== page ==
As employment law changes to adapt to the current circumstances, employers must make sure the policies in place guide employees and protect from possible retaliation. 

While adapting to the circumstances, many employers have discovered teleworking is a more viable option than once considered. If this is a viable option for your employees, teleworking and remote work should still be encouraged until there is little or no risk in your area.

Staggered work schedules could be utilized to ensure that proper spacing of employees is obtainable.

Liberal leave and sick time policies should be in place to ensure that people with symptoms do not come to work. 

All of these considerations will require proper policy to avoid possible retaliation for favoritism, or other assumptions. If creating these policies seems daunting, consider having our Advisors create your custom policies for you.

(And don’t forget to update your handbook with these changes… or let ours update it for you.)

4

Updated Contingency Plans

As the world cautiously reopens, employees are relying on their employers to have a plan in place in case of another outbreak. 

Now that we know about the threat of COVID-19, as well as other potential pandemics, there is no excuse not to be prepared for future outbreaks. Businesses must thoroughly evaluate their crisis management plans and ensure the lessons already learned have been re-evaluated and added into these. This will ensure any future viral outbreaks will be effectively managed – and you can be sure employees will now expect seamless outbreak management.

5

Effective Reopening Communication

Clear and proper communication can greatly reduce employee stress and increase trust  when returning to work. 

Employers reopening communications with employees, should allow for questions (which is when HR Support can really help follow regulations and requirements) and should discuss clear expectations for returning to work. Additionally, including your new policies to make sure everyone understands safety expectations and will help your employees trust your decision as their employer. 

Trust and transparency are powerful tools to make people feel more comfortable returning to work.

 

6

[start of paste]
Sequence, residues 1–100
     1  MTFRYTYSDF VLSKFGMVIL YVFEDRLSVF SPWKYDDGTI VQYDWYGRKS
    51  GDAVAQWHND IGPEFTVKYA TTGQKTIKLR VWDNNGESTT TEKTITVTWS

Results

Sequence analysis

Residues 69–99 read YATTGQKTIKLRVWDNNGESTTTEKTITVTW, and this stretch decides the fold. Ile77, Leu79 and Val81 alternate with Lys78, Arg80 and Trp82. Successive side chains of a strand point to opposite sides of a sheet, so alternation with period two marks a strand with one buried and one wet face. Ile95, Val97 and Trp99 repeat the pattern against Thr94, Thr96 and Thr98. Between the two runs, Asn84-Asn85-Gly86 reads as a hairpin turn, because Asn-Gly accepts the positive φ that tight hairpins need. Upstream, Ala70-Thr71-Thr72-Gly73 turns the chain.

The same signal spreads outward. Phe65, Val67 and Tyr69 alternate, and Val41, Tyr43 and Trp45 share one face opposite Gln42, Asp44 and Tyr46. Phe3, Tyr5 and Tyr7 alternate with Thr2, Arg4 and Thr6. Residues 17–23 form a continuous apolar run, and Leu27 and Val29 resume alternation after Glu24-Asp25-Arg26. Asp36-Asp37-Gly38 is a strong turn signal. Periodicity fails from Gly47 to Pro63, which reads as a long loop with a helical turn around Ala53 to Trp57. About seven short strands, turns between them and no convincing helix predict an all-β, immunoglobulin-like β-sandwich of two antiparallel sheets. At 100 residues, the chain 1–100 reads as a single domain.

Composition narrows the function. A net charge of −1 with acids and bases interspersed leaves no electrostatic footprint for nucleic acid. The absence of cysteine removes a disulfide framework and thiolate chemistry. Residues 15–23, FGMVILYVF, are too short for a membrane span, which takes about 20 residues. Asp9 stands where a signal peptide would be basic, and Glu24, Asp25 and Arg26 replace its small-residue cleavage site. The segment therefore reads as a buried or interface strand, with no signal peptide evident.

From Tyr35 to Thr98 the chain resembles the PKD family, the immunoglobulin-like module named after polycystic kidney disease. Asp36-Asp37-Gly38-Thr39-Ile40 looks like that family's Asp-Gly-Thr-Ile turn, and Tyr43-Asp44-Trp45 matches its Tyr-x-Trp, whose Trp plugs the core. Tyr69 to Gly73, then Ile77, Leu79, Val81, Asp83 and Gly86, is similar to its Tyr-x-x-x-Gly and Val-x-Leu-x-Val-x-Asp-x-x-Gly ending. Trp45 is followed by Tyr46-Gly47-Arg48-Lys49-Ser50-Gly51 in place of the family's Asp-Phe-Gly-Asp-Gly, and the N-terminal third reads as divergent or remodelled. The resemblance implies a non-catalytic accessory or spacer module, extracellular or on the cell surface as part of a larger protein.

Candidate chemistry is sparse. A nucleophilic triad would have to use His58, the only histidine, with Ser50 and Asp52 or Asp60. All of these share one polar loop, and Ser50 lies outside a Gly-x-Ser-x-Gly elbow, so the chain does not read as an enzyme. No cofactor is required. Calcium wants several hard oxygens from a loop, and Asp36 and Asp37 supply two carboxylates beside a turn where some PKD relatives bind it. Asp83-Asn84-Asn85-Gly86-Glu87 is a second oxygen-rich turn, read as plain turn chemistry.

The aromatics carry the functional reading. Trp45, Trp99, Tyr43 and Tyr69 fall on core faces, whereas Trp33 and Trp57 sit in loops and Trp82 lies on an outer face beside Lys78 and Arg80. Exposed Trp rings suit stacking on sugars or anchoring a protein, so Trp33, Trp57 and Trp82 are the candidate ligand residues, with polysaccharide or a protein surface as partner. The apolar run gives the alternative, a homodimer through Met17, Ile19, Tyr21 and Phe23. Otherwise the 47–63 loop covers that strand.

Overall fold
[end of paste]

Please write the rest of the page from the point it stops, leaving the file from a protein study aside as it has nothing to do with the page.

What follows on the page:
Possible Travel Restrictions

Positions that require travel, especially to meet with clients and vendors, must be evaluated to address today’s concerns.

Employers will have to reassess which employees can travel – if any – and how traveling employees will get to and from their destinations. Only travel deemed necessary to business operations should be approved, and employees who must travel by air or train should be required to report any onset of symptoms while away from the office. This criteria should also include employees who commute using mass transit. If possible,  employees who do use mass transit should be encouraged, and possibly incentivized, to use transportation that minimize contact with others.

7

Continued Covid-19 Education

Just because some restrictions have been lifted, does not mean we are in the clear yet. Staying up to date on the impact of Covid-19, regulations and changing compliance requirements will be imperative to avoiding employee litigation conflicts.  

Immersing yourself, or your operations manager, in reliable information can help protect your company. Our company offers continuous webinars hosted by professionals in their field, from employment attorneys to Human Resource Officers. Get free access to all of our webinars here

In Conclusion

We know during this time businesses aren’t sure where to turn or who to trust. We get it. That’s why we offer two full weeks to check out all of our services, talk to our HR Advisors directly, take our training and decide if we’re right for you. If we’re a fit for your company, there’s no contract, no set up fees and no surprises. A simple $99 a month for everything. 

While the world may never look exactly like it used to, we can continue forward and ensure that if we take necessary precautions, we can return strong with a fresh start.